Dr. Grossman: We are currently using other kinds of noninvasive testing, which are considered mainstream and we do all the time. That would include stress testing, either by itself where someone would walk on the treadmill or sometimes with imaging where we actually exercise somebody and then inject them with the radioactive compound that tells us what the blood flow is like inside the heart muscle within the arteries. The most extreme case would be a heart catheterization where we would actually have to do a more invasive test in which we inject IV dye directly into the arteries so we can actually see under an x-ray machine if they have a major blockage. Sometimes we can also do coronary calcium testing and CT CAT scans to do the same thing. The difference between all those tests and Corus CAD is that some of them are physiological tests, some look at anatomy, but for the most part they involve radiation exposure to the patient. In the case of a heart catheterization, it involves doing a more invasive test that could potentially have complications. That said there are limitations from some of the noninvasive tests that we often use such as the stress test. In particular, there are instances where you might do a test on someone and the test may be abnormal, but it may not truly be abnormal. On the other hand, you may be underestimating a problem that someone might have.
Do you have some figures that might show the accuracy of this test versus traditional types of tests?
Dr. Grossman: There were clinical trials that have looked at these two tests. The standard test we would often use would be a nuclear stress test, which is something we employ very commonly even in this practice. It has a pretty high sensitivity, meaning it's a very accurate test in the mid to high 80% range for accuracy. It also has what's called the negative predictive value that's around the same range, which means if the score is normal the chance of you having a problem is pretty low. There was a clinical trial comparing nuclear stress testing to the Corus CAD testing and the Corus CAD test was found to have higher sensitivity and also a higher negative predictive value, meaning it was even slightly more accurate than nuclear stress testing in certain patient populations.
Do you have a percentage?
Dr. Grossman: In that trial the nuclear stress testing had an 88% negative predictive value and the Corus CAD test had a 96% negative predictive value. What that means is if your tests come out saying that you don't have a disease process, then in the case of the Corus CAD test there's a 96% chance that you don't have a major blockage based on the blood test.
Is that a huge relief for some of the patients?
Dr. Grossman: Yes. It certainly is a huge relief for a lot of patients and in clinical practice we often can use that in a patient to potentially prevent them from undergoing other tests that may be unnecessary or potentially expose them to side effects or radiation.
Who is a good candidate for the test?
Dr. Grossman: The test is useful pretty much in all different demographic areas. It's even more accurate in female patients, especially if your score is normal to low on this test; it is extremely accurate in that subset of patients. It has been utilized in other clinical trials, especially at the initial clinical trial, which was called the PREDICT Trial, and it demonstrated that when you do this blood test it could reclassify a patient. What I mean by that is if you thought the patient had sort of a low, intermediate, or high chance of having a coronary blockage, the blood test often times would reclassify them into a different category. So for instance, if I thought a patient had an intermediate chance of having a problem it can sometimes turn out that they really don't have much of a problem, or they have a much bigger problem that we had underestimated.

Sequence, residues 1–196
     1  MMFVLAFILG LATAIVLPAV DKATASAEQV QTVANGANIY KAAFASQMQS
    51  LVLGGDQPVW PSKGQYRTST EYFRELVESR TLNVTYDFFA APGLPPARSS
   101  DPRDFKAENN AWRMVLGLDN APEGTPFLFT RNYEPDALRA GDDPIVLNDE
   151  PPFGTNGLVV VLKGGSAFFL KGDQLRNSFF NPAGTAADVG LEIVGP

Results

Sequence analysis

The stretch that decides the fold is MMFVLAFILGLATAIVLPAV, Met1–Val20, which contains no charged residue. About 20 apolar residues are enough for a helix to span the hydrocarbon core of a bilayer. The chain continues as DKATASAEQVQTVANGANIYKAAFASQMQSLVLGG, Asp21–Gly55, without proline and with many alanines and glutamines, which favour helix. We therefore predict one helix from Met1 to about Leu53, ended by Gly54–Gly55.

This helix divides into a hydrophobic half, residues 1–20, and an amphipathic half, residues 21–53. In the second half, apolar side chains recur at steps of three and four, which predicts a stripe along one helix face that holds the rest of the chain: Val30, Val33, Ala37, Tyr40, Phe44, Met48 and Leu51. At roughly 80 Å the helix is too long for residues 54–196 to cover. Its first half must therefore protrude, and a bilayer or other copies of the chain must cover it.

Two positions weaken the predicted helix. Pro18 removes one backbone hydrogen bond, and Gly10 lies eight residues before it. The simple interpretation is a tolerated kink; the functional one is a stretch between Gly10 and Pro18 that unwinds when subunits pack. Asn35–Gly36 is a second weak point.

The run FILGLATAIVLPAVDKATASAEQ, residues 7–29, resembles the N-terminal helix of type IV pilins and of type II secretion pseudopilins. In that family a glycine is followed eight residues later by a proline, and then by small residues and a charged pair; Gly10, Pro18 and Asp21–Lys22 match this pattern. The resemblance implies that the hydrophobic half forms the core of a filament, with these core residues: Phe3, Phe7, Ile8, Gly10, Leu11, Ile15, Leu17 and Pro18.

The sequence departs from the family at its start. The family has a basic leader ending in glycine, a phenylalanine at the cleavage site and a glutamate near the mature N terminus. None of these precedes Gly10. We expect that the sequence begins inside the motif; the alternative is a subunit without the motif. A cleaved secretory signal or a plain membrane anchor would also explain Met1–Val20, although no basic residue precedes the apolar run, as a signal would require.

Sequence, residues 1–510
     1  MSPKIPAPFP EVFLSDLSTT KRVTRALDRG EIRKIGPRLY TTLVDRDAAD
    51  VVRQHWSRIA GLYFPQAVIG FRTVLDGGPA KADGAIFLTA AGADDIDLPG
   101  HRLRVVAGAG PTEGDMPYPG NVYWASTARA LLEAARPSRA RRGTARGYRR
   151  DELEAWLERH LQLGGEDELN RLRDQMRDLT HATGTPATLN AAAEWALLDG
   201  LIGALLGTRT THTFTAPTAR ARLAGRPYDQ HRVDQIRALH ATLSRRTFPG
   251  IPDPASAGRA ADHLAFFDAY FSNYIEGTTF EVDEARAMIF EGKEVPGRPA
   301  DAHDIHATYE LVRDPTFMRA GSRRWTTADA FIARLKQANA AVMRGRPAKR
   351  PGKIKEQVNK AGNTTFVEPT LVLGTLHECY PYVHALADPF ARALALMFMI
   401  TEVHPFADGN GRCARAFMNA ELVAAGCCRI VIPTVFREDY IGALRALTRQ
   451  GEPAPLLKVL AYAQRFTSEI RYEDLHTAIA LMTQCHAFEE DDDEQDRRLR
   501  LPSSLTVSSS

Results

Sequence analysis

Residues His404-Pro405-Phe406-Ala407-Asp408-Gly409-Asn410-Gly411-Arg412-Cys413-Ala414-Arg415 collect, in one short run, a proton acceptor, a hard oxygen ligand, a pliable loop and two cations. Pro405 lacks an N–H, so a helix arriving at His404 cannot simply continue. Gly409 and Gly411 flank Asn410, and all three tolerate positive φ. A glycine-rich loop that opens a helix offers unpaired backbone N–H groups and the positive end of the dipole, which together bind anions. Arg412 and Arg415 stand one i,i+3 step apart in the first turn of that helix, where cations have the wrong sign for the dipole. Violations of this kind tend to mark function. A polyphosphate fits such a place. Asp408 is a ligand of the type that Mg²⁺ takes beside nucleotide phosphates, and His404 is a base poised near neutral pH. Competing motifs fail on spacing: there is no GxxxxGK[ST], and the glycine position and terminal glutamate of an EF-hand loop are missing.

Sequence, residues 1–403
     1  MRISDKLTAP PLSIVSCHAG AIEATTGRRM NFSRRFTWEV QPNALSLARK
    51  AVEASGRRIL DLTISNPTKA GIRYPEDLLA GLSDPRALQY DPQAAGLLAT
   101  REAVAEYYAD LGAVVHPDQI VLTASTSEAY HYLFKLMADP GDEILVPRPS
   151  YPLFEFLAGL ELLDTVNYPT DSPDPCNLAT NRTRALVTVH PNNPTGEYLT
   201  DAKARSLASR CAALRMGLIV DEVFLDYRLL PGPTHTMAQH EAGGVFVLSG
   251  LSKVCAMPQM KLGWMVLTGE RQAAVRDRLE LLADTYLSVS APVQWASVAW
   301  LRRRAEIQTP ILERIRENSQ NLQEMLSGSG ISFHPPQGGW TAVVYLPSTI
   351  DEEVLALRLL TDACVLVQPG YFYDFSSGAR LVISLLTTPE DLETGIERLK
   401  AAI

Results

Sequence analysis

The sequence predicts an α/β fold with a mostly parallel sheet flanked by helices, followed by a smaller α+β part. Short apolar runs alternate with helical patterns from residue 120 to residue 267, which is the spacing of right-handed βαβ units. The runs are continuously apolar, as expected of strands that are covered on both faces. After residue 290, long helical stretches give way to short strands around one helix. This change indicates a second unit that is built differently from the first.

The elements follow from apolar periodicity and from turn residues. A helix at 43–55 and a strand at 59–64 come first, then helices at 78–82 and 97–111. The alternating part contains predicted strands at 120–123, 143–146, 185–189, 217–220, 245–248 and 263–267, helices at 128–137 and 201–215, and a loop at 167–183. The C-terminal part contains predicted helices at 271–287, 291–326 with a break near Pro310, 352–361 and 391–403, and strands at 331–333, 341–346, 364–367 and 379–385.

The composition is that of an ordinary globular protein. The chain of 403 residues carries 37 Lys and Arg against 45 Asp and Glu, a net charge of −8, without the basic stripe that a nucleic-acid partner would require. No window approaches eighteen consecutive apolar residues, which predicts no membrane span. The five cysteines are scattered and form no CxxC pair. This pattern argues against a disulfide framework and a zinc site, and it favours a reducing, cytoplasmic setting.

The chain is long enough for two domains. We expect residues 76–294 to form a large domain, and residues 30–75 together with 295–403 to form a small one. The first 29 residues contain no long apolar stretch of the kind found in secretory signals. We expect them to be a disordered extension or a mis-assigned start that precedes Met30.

I know this is a gender specific test and it's the first of its kind, right?
Dr. Grossman: Correct.
Can you talk about why that's really important?
Dr. Grossman: Most of these noninvasive tests that we're currently doing are basically gender neutral. We just do a stress test on a patient, and when we do it with imaging there are certain things that can make the pictures more difficult to interpret. In female patients often times the symptoms are not as typical as what would be considered normal in a male patient. It was traditionally thought that the typical symptoms of crushing chest pain and other symptoms were more commonly found in male patients, but what we found in the literature and after examining this for decades is female patients often times have symptoms that are atypical but may still have a problem. When you have a female patient with atypical symptoms and you're doing a test on them which may potentially have what's called a false positive. It can therefore be very challenging to determine how to interpret the data and give the right advice to a patient. Since this test is gender specific, the algorithms are slightly different between men and women. When you couple that with a highly accurate test, especially in female patients, it could prevent you from having a situation where you get a test that's falsely abnormal and then further discussions about doing more invasive tests would come up.
Could it potentially be lifesaving then?
Dr. Grossman: It can be lifesaving. I've seen it in patients where we've reclassified them; patients that we thought were sort of low to intermediate and then the score becomes very abnormal. So, it may make somebody want to investigate this further and prevent further problems from happening.
How big of a breakthrough would you say this is?
Dr. Grossman: I'd say it's a very large breakthrough because it really changes the paradigm for how you're looking at a patient with coronary disease. It's really the first test to my knowledge where you're evaluating what's going on at the molecular level in the patient right when you're drawing blood in the office and then help determine what their chance of having a blockage in an artery is right now.
I would say that with regard to using this as a test in a patient with chest pain or symptoms suggestive of coronary disease, it can be utilized initially to evaluate that patient. If it comes back that the score is very low, then depending on what one's comfort level is with that information, one could potentially use that as a way to decide whether or not to investigate further. It always comes down to what is going on clinically with the patient and you need to really talk to the patient and get a history.
Listening to you, it sounds like if it came back low you would not do more tests?
Dr. Grossman: Yes, if it comes back low I would be very comfortable telling a patient they have a low risk of having a major problem. That's very reassuring to most people when they get that information. It's useful adjunctively as well; a lot of times if someone's had other kinds of testing that was abnormal, this can help us to decide whether or not we truly believe that information based on reclassifying them with tests.
If I wanted to come in to take the test to see if I had a likelihood of developing coronary disease, would I be able to do that?
Dr. Grossman: It's for symptomatic people, so it would be someone with symptoms that would be suggestive of coronary artery disease or atypical symptoms that could be consistent with coronary artery disease or blockage in an artery.
Does insurance cover this?
Dr. Grossman: It's covered by Medicare. For qualified patients who may not have coverage, the company offers a generous financial assistance program.